Troubleshooting tips for Liberty

The troubleshooting information describes solutions for common problems.

To help you identify and resolve problems, the product has a unified logging component. See Logging and Trace.

If you receive an exception message, information about the message is available in Messages.

The Java™ API documentation for each Liberty API is detailed in the Programming interfaces (Javadoc) section of the online IBM® documentation, and is also available as a separate .zip file in one of the javadoc subdirectories of the ${wlp.install.dir}/dev directory.

For distributed platformsDetails of the main known restrictions that apply when you use Liberty are provided in the following two topics:

For IBM i platformsFor details of the main known restrictions that apply when you use Liberty, see Runtime environment known issues and restrictions.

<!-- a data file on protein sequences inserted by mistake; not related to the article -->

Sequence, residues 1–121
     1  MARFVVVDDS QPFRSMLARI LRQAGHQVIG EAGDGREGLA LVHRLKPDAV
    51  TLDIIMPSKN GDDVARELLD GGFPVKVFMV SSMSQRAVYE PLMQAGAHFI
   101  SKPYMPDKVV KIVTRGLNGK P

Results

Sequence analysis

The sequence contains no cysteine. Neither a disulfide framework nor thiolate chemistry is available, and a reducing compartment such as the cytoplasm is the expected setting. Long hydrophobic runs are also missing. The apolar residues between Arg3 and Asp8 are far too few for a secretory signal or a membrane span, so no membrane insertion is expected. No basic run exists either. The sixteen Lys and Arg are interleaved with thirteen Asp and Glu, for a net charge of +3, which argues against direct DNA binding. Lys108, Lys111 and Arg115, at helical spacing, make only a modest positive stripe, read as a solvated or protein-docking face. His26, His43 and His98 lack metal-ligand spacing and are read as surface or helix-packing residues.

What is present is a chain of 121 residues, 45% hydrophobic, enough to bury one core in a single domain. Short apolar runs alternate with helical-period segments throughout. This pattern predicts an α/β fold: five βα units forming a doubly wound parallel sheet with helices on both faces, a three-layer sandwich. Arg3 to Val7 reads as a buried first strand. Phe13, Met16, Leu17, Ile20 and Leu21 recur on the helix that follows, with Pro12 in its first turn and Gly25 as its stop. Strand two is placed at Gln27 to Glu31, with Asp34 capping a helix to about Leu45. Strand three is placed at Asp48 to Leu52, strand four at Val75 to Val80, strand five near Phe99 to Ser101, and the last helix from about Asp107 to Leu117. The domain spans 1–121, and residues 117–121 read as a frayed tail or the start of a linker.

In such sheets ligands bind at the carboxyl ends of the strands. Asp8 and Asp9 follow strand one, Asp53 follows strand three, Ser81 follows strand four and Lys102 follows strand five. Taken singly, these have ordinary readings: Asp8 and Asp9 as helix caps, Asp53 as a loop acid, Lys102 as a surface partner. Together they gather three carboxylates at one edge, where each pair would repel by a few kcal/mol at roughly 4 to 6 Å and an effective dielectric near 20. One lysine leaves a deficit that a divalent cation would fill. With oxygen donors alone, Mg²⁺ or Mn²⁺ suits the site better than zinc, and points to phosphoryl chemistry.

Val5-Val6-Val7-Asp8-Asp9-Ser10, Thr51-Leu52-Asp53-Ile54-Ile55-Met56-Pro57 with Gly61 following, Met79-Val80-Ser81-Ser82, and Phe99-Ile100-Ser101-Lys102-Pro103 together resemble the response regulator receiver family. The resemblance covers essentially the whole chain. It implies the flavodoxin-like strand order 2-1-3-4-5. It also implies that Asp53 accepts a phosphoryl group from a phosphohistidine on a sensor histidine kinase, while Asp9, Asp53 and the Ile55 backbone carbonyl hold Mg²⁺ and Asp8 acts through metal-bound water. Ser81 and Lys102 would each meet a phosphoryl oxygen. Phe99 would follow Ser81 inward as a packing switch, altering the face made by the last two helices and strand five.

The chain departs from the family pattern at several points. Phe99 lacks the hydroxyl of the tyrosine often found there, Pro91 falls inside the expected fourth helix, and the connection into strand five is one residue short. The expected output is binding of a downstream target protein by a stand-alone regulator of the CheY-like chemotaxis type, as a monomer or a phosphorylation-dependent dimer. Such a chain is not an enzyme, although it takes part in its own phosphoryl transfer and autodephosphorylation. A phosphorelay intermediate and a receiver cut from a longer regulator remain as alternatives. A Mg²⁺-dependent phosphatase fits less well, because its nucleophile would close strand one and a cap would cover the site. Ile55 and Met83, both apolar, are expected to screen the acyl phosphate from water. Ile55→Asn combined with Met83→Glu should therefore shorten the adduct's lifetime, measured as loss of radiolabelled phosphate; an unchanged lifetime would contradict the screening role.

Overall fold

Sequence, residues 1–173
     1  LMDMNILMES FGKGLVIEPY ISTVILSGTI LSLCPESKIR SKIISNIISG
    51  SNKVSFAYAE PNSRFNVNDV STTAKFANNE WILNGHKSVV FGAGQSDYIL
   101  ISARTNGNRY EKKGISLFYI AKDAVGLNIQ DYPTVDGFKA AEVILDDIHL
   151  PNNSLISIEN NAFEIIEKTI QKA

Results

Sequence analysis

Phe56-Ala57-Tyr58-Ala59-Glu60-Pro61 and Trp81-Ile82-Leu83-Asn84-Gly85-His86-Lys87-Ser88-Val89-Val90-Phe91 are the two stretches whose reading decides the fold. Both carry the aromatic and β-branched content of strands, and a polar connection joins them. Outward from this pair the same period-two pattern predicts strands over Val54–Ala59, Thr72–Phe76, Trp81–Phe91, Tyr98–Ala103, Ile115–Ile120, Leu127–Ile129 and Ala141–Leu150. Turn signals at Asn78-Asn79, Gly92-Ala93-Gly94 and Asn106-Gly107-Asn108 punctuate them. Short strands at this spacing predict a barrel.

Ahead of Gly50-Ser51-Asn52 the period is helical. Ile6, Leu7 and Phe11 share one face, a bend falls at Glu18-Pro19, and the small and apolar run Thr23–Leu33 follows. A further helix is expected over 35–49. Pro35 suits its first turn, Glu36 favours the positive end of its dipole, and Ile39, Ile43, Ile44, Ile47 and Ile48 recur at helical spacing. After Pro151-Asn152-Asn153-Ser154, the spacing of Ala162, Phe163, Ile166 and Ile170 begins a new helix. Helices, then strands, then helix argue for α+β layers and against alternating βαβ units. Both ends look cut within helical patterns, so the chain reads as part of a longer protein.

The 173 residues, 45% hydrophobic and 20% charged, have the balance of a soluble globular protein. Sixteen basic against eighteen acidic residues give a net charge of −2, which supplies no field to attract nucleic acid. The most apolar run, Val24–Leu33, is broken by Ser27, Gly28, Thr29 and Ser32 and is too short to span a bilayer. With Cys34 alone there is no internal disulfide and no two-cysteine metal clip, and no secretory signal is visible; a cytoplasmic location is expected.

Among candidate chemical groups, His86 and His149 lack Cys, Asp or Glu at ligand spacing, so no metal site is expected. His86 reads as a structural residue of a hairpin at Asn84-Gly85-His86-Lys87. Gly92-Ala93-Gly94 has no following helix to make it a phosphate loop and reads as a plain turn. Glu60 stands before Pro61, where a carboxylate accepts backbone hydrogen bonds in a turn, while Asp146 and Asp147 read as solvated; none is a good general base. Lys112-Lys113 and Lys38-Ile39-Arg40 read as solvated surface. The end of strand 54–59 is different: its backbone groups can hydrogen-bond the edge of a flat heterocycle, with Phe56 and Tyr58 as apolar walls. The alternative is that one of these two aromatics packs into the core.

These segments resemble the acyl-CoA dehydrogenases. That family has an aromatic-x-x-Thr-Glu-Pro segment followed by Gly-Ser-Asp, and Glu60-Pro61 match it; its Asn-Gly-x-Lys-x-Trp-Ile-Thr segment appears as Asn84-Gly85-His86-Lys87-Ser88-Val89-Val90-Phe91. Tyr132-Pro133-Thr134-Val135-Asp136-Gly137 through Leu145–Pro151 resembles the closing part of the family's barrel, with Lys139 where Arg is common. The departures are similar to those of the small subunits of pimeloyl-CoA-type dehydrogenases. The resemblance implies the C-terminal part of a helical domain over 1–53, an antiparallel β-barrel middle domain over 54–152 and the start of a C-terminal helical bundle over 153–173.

Check that your JDKs are at a supported level

If you experience problems that are not readily explained, check that the JDKs you are using are compliant with Java Version 7 or later, and are at a current service level. See Minimum supported Java levels.

Troubleshooting security

This section describes some common security problems and solutions you can choose.

SESN0008E: A user authenticated as anonymous has attempted to access a session owned by user:LdapRegistry/cn=steven,o=myCompany,c=US.
This error happens when an unauthenticated user tries to access a session that is created by an authenticated user. Session security that is enabled by default prevents unauthorized access of the sessions. Only the user who created a session can access it. For more information, see session security.